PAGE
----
Amir is damaged goods. Sexually abused and forced to become who he is not, the young man has lived many lives beyond his age. He is angry, confused, conflicted and ready to explode, no puns intended.
This is a film with a dark theme and that darkness is evoked all through. The film is never fully light or fully dark which is understandable since the whole action takes place between dusk and dawn but the “darkness’ hints at more than time, it is evocative of Amir’s tortured soul. Nodash as Director of Photography manages to evoke Amir’s interior landscape through the use of lights and light effects. There is a particularly beautiful shot where Amir is silhouetted against the door of the orphanage.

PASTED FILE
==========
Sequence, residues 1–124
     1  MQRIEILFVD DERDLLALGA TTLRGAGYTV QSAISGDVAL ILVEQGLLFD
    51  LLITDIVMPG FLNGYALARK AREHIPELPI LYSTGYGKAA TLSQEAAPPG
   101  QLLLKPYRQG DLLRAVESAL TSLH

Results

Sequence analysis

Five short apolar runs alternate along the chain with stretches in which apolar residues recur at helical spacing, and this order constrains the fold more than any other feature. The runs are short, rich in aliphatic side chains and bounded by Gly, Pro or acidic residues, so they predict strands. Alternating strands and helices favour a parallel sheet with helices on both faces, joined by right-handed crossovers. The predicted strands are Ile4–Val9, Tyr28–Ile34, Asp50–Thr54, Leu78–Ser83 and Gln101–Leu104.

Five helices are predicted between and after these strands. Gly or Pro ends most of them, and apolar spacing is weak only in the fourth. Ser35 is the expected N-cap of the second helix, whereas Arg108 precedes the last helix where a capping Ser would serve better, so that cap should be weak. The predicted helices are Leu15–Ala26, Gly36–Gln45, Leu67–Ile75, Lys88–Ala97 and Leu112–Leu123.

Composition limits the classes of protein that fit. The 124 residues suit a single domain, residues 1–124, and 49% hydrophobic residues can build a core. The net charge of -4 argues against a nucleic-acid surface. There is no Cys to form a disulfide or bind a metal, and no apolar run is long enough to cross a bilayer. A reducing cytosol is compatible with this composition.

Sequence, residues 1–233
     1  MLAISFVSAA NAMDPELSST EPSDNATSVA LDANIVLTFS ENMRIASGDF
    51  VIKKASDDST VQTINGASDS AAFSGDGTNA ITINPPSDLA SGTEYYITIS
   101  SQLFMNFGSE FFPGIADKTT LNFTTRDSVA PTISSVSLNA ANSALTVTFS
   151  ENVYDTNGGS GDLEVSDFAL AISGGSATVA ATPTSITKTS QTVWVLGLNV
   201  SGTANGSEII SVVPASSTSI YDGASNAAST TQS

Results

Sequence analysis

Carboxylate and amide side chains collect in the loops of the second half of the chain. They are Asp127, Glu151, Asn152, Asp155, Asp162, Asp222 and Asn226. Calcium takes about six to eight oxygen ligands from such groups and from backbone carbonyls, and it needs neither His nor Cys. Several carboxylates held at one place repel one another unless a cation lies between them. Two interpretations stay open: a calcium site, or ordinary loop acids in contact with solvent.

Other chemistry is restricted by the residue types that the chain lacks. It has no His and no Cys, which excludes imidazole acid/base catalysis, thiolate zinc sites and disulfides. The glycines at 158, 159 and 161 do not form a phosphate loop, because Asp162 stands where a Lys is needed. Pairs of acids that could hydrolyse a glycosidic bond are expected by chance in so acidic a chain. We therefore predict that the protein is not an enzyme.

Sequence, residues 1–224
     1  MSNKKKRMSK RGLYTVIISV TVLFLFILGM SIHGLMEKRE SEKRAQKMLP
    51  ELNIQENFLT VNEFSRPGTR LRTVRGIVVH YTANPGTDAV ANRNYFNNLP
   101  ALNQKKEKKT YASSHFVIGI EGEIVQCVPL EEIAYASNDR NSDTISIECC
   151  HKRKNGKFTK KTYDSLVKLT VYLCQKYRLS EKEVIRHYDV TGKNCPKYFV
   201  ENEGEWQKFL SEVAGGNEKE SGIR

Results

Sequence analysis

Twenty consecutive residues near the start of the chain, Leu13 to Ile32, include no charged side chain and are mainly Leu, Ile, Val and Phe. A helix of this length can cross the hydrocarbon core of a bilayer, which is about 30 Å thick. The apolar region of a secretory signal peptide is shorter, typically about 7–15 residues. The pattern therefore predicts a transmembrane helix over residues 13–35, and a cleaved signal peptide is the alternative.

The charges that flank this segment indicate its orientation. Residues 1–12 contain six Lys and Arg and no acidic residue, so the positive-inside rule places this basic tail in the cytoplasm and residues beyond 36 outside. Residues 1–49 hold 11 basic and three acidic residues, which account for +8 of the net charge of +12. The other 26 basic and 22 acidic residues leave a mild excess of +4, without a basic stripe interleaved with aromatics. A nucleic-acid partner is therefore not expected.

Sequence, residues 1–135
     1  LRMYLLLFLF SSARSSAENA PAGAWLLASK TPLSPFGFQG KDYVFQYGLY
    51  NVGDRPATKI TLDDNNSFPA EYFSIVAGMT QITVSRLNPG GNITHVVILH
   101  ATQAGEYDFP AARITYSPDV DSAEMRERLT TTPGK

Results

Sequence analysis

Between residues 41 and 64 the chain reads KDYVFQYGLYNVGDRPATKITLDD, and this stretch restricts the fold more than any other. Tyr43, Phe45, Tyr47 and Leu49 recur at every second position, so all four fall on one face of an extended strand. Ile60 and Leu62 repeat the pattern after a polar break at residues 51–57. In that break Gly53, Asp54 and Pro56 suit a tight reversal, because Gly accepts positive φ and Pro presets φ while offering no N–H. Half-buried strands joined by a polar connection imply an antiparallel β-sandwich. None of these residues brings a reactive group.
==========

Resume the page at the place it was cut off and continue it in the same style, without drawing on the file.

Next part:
As his path collides with that of a prostitute, Nkem, played by Jemima Osunde, the plot changes gear, becoming a vehicle for telling the story of two survivors preyed upon by father figures; two people from disparate sides of the track who have to forge an unlikely alliance. They are united only by their rage and desire to destroy one in order to save another.
But Amir is not a murderous villain. He is an avenging angel intent on righting wrongs and working with Nkem they make a formidable team but it is an alliance lubricated with blood. People die and lives are ruined but all is fair in love and war.